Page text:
For the first time in quite a while, I was just enjoying the experience. There was no pressure and I was just having fun. I realized that this is why I fell in love with trail running to begin with. I'm sure there's a lesson in there somewhere.


From Stina, we head toward the Rim on some exceptional single track. It was warm out, the ground was dry and the sky was blue. It was a beautiful day to be running in the woods along the Canyon.

By now, returning runners were heading back toward me on their way to the finish. We greeted each other the way trail runners do, passing along encouragement and compliments. I even stopped a few times to chat with friends as we met on the trail.

Competitive Kelly would have been counting running as they went by. I caught myself when I got to 4, and reminded myself that I wasn't racing, I was just running.

A Runner Seeing the Grand Canyon for the First Time in Her Life

Sharing A Clark Griswold Moment with Keena DeLay

I eventually found the turnaround point where I marked my bib with a big blue "X" to prove that I had made it. I took a few minutes to enjoy the Canyon, then turned and headed back.

I had enjoyed the downhill run getting to the Rim, but now I had to pay the price for all that "easy" running. I started my long uphill push to the finish.

Getting back to Stina seemed to take forever. Part of that is probably because I stopped so many times to talk to friends as I encountered them along the way, but that's always time well spent.

Getting Back to Stina Aid Station

Jo just happened to be dropping off supplies at Stina when I got there. I was excited to see my bride again, so I lingered for a while, giving her a thorough update on my race and my condition.

Here's the abbreviated update: I was having fun, I felt great and I love this course.

Hanging at Stina with Jo and Cherri

After screwing off in the aid station for way too long, I was practically kicked out. It was probably time to head out anyway.

I left Stina and started my way down that steep hill that I had just climbed a few hours earlier. It felt much better this time.

Leaving Stina

As I made the climb back toward the finish line, the trail deteriorated. Where there was once snow, there was now mud. Lot's of it. And water running down the trail like an endless gutter. Footing was a bit tricky, my feet were saturated, and I was having a blast.

I made it back to the Squaw Aid Station pretty fast. I hopped inside and pulled up a chair. I remembered that Jo and Cherri had stashed a PBR in there for me. When I sat down, one of the aid station workers walked over and put it in my hand. How can you beat that kind of service?!?!

Seems Like an Appropriate Time for a Beer

After the PBR was polished off, I thanked the volunteers and hit the trail. There was only one aid station between me and the finish and I wanted to get headed that way. 

Jo Just Kept Popping Up Everywhere!!!

The trails kept getting worse as I made my way higher, pushing away from the Rim. It had warmed up, well above freezing and the snowmelt was wreaking havoc on the trails. Finding runnable ground was nearly impossible.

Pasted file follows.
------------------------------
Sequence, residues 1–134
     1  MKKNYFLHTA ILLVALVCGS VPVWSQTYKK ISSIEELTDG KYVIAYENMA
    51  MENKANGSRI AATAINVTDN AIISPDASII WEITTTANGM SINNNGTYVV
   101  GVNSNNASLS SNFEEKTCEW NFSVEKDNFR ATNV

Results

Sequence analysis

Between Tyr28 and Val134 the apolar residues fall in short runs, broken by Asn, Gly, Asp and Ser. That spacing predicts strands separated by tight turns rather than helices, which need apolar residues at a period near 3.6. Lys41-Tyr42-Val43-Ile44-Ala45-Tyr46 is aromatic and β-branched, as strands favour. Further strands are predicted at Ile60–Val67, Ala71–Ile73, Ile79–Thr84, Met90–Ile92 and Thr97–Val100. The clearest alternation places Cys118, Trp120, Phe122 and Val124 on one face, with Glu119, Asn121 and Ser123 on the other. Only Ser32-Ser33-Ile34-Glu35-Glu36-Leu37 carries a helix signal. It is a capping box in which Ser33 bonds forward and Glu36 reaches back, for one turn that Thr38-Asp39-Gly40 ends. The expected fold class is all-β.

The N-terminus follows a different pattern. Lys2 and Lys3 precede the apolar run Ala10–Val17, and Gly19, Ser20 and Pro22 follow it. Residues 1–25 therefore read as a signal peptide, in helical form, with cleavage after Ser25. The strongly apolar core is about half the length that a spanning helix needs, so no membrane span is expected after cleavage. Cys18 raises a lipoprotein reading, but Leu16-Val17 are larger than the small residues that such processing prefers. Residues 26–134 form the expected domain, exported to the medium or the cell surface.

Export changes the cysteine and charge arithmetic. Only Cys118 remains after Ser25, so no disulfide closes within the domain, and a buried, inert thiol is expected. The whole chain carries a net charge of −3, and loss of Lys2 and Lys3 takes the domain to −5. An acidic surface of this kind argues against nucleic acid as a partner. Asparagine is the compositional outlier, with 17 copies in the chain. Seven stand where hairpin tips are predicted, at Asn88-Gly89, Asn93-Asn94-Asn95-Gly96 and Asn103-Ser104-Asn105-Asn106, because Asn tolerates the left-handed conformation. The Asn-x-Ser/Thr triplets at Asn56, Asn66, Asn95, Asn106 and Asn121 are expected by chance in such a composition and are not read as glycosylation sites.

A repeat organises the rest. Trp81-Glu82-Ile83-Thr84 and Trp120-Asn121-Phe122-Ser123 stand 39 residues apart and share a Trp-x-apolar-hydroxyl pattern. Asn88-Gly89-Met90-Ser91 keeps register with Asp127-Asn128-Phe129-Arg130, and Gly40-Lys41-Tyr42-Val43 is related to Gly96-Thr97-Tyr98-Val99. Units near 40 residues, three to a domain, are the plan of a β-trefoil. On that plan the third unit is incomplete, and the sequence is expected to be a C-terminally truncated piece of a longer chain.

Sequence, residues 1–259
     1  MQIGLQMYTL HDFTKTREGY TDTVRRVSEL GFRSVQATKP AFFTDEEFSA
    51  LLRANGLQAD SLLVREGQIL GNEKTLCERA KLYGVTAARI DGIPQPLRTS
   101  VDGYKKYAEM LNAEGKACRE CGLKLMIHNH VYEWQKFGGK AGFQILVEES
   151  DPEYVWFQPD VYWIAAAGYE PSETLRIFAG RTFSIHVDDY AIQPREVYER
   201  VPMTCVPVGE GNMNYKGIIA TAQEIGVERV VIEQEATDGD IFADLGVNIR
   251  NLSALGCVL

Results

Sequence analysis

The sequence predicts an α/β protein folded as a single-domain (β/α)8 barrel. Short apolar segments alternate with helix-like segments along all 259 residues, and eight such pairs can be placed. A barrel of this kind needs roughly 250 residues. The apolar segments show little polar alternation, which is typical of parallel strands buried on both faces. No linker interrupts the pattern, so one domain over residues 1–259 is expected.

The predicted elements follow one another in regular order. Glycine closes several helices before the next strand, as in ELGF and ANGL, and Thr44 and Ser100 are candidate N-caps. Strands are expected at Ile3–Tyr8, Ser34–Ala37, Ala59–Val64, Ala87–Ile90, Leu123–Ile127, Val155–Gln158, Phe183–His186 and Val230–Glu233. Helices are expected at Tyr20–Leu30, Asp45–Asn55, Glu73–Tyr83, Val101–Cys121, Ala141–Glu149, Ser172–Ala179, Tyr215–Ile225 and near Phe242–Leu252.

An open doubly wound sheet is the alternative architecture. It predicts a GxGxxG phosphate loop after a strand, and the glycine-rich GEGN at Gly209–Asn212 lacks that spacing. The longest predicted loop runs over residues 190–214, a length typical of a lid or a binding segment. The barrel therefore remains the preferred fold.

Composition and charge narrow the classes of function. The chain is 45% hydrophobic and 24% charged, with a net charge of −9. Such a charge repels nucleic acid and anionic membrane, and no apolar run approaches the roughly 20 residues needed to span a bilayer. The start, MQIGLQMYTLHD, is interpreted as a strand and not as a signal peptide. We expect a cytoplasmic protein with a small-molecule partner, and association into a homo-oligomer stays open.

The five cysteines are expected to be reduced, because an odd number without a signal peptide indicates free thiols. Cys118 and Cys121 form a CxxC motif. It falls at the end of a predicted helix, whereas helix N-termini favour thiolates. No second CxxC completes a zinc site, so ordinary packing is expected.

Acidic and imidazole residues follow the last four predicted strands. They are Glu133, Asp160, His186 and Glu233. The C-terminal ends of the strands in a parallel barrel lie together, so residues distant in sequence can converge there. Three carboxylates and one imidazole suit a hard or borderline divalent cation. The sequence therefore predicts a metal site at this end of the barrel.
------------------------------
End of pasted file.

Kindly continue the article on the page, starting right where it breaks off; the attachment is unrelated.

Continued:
I made it to the final aid station and hung out for 4 or 5 minutes before heading off. I thanked the volunteers and hopped back on the mucky trail for the last 5 miles.


By now, it ALMOST sucked a little bit. I was moving SO slow because of the mud and my feet were getting cold from running in icy water for so long. But despite that, I was still having a lot of fun. I couldn't conjure up a foul mood, no matter how hard I tried.


After a LONG uphill slog, I finally made it to the top of the hill that we had run up earlier this morning. I knew the finish line was a little more than a mile away. All downhill. I aimed my feet that way and bombed downward.

DONE!!!

I crossed the line in 8th place overall. I was uninjured and happier than I had been at a finish line in a long time!

I learned a lot from this experience, but the most important thing I took away from that day was a reminder that I do this because it makes me happy. It's easy to lose sight of that when the need to compete clouds my judgment and steers my goals. I enjoyed every step of that race and had a big dumb smile on my face all day. That's a lesson I want to hold on to.

The course turned out to be 36 miles long, a bit of a stretch for a 50k, but that's alright. It just gave me more miles to enjoy. And it gives me confidence that I can run again, without too much concern about re-injuring myself. I needed that boost going into the rest of my race season.

I want to thank Hammer Nutrition for fueling me, Topo Athletic for putting great shoes on my feet and my wife for being so damn awesome. And thanks to Matt Gunn for putting on the best trail races in the West.

On to Bryce Canyon in three weeks. I hope to see you there!

Saturday, May 9, 2015

Spruce Woods 100: What Happened in Manitoba?

"Eventually, competition and adventure wane, and I enter my ibuprofen phase. Tweaky hamstrings and achy knees restrict mileage, but I continue running for health, sanity, and the ritual of a Sunday trail run with like-minded buddies. We discuss the nagging injuries that bedevil us, and remember the good old days when we were kings." - Don Kardong

Granted, that quote is a bit dramatic for my situation, but whenever a runner is sidelined due to an injury, the deep introspection sets in. Doubts cloud an otherwise confident mind. It forces a complete evaluation of where a runner is in their career and how much longer they can hope to remain at their current level of competition. It forces an evaluation of how much longer running will even be viable.